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The risk of whiplash-induced medical impairment in rear-end impacts for males and females in driver seat compared to front passenger seat
Umeå University, Faculty of Medicine, Department of Surgical and Perioperative Sciences, Surgery.
Umeå University, Faculty of Medicine, Department of Surgical and Perioperative Sciences, Surgery.
2013 (English)In: IATSS Research, ISSN 0386-1112, Vol. 37, no 1, 8-11 p.Article in journal (Refereed) Published
Abstract [en]

The objective of this study was to study whiplash injury outcome in front-seat occupants in rear-end impacts using double paired comparison technique. The combination of gender, seated position, and outcome was analyzed. Folksam, a Swedish insurance company, has a database of whiplash injuries. A questionnaire was used to collect study data. The response rate was 81%. The inclusion criteria included medical impairment one year after the impact, as judged by medical specialists. The study included rear-end impacts between 1990 and 1999 that resulted in at least one permanent neck injury impairment; in total, 430 impacts with 860 occupants and 444 impairments. Of those suffering impairment, 302 were female and 142 male; 235 were seated in the driver's seat and 209 in the front passenger seat. Relative risk estimates for impairing whiplash injury, by gender and seated position:

1.Driver male (DM)/passenger female (PF) relative risk = 0.5 n = 218

2.Driver male (DM)/passenger male (PM) relative risk = 1.4 n = 57

3.Driver female (DF)/passenger female (PF) relative risk = 2.5 n = 102

4.Driver female (DF)/passenger male (PM) relative risk = 4.6 n = 67.

Females had a relative risk of medical impairment of 3.1 compared to men after adjustment for the average increased risk in the driver position. The driver position had a doubled relative risk compared to the front passenger position. As a conclusion it may be of value to take risk differences between male and female occupants and between driver and front passenger positions into account in future automotive car and seat construction.

Place, publisher, year, edition, pages
Elsevier, 2013. Vol. 37, no 1, 8-11 p.
Keyword [en]
Rear-end impact, Whiplash, Gender, Driver seat, Front passenger seat
National Category
URN: urn:nbn:se:umu:diva-3146DOI: 10.1016/j.iatssr.2013.04.001OAI: diva2:141630

Originally mentioned in thesis as submitted to journal: Traffic injury prevention, ISSN 1538-9588.

Available from: 2008-05-05 Created: 2008-05-05 Last updated: 2016-05-25Bibliographically approved
In thesis
1. Interaction between humans and car seats: studies of occupant seat adjustment, posture, position, and real world neck injuries in rear-end impacts
Open this publication in new window or tab >>Interaction between humans and car seats: studies of occupant seat adjustment, posture, position, and real world neck injuries in rear-end impacts
2008 (English)Doctoral thesis, comprehensive summary (Other academic)
Abstract [en]

Background: The latest generation of rear-end whiplash protection systems, as found in the WHIPS Volvo and SAHR Saab, have reduced injury rates by almost 50% in comparison with the previous generation of seat/head restraint systems. Occupant behaviour, such as seated posture and seat adjustment settings, may affect the injury risk. Method: Five studies were conducted. Studie I was an injury outcome study based on insurance data. Studies II-IV investigated seat adjustment, occupant backset, and cervical retraction for drivers and occupants in different postures and positions in the car, during stationary and driving conditions. Study V compared the occupant data from studies II and III with a vehicle testing tool, the BioRID dummy, using the protocols of the ISO, RCAR, and the RCAR-IIWPG.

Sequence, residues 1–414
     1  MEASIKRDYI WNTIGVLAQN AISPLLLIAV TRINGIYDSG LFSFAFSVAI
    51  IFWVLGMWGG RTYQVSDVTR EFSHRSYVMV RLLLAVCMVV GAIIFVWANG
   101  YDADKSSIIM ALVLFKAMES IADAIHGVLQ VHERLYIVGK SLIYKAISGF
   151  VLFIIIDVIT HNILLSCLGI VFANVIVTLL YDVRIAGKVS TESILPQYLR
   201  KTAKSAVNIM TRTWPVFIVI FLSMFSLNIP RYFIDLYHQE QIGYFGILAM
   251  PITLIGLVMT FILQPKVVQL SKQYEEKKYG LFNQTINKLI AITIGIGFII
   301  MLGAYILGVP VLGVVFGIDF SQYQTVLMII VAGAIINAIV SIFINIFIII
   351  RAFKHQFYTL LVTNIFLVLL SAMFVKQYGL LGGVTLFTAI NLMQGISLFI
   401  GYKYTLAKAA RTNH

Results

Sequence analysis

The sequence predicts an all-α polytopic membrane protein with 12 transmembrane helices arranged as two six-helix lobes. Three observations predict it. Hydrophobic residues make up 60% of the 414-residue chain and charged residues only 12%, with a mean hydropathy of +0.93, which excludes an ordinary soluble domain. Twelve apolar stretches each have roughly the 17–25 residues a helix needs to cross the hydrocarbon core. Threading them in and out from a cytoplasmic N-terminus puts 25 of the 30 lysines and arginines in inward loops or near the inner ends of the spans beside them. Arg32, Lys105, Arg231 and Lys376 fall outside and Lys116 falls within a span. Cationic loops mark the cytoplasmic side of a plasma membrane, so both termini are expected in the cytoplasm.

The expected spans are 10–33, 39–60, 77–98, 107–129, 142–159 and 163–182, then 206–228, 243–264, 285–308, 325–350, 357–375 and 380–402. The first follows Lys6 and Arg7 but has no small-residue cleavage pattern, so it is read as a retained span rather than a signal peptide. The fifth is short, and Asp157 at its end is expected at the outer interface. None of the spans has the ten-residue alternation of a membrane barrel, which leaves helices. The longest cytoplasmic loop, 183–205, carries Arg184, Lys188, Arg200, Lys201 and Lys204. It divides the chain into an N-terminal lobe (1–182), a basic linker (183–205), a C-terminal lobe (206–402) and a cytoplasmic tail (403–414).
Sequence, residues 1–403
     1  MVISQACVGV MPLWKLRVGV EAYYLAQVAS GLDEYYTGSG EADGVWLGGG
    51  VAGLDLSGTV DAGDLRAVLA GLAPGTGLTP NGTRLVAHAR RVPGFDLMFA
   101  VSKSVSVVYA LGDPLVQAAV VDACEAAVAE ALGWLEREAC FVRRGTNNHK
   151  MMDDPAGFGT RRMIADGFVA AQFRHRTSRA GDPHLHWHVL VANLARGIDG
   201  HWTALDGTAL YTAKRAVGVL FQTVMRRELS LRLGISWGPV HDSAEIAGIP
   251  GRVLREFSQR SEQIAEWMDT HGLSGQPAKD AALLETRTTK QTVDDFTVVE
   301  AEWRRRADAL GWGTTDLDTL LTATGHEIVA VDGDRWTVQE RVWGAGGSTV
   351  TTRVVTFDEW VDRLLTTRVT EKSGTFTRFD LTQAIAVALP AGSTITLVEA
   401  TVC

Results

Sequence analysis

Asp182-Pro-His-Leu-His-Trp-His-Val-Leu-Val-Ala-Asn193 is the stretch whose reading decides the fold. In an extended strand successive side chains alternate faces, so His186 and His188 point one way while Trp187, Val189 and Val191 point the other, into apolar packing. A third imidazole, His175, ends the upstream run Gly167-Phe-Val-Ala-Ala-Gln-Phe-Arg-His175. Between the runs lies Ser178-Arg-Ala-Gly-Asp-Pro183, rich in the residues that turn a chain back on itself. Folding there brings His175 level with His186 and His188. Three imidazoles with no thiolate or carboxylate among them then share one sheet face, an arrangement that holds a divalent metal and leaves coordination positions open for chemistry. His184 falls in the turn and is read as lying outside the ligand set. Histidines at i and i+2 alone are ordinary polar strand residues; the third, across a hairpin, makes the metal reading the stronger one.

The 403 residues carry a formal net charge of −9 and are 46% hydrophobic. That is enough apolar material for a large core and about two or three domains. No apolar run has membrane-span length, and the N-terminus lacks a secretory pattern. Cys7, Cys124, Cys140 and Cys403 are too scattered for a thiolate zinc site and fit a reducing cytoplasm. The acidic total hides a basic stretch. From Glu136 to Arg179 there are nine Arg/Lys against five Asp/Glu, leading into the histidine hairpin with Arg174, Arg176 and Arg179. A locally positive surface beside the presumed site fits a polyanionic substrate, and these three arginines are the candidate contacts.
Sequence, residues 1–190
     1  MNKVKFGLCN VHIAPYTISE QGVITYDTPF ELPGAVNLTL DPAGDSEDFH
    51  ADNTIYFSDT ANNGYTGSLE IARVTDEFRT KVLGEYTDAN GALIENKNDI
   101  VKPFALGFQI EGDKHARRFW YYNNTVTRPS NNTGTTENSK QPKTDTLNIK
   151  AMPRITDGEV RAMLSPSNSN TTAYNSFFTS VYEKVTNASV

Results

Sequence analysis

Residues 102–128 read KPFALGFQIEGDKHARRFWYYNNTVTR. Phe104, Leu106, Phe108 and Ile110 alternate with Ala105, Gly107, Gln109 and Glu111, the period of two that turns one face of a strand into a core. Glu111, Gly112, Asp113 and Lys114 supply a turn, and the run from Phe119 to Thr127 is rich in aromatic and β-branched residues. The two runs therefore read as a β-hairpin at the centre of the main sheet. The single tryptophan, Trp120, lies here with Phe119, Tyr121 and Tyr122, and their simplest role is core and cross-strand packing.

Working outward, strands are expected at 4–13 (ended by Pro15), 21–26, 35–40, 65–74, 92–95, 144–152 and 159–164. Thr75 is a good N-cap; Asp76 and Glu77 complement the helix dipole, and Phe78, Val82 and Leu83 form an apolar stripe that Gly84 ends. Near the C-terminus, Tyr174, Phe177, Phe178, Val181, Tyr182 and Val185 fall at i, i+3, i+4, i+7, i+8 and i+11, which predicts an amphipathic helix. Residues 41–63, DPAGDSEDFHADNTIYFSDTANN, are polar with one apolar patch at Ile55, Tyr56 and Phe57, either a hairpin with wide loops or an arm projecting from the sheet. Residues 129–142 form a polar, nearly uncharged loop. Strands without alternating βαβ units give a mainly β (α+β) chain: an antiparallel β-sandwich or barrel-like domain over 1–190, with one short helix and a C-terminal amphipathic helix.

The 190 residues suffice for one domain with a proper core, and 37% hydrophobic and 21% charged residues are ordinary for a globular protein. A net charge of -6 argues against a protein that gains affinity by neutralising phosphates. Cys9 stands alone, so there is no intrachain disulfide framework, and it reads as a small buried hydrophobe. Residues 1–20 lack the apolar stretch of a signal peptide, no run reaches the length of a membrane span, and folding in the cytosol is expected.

Results: Female drivers and passengers had a threefold increased risk for medically-impairing neck injury in rear-end impacts, compared to males. Driver position had a double risk compared with front passenger seat position. Female drivers adjusted the driver seat differently to male drivers; they sat higher and closer to the steering wheel and with more upright back support. The volunteers also adjusted their seat differently to the ISO, RCAR, and RCAR-IIWPG protocol settings; both sexes sat further away from the steering wheel, and seat back angle was more upright then in the protocols. In stationary cars, backset was highest in the rear seat position and lowest in the front passenger seat position. Males had a larger backset than females. Cervical retraction decreased and backset increased for both sexes when posture changed from self-selected posture to a slouched posture. The BioRID II dummy was found to represent 96th percentile female in stature, and a 69th percentile female in weight in the volunteer group.

Conclusions: Risks in car rear-end impacts differ by sex and seated position. This thesis indicates the need for a 50th percentile female BioRID dummy and re-evaluation of the ISO, RCAR, and RCAR-IIWPG protocols, and further development of new safety systems to protect occupants in rear-end impacts.

Place, publisher, year, edition, pages
Umeå: Kirurgisk och perioperativ vetenskap, 2008. 39 p.
Umeå University medical dissertations, ISSN 0346-6612 ; ISSN 0346-6612-1163
Surgery, backset, Whiplash, rear-end impact, seated posture, seated position, bioRID, Kirurgi
Research subject
urn:nbn:se:umu:diva-1636 (URN)978-91-7264-525-7 (ISBN)
Public defence
2008-05-23, Sal D, Tandläkarhögskolan 9tr, Umeå Universitet, 901 85 Umeå, 09:00 (English)
Available from: 2008-05-05 Created: 2008-05-05 Last updated: 2009-05-04Bibliographically approved

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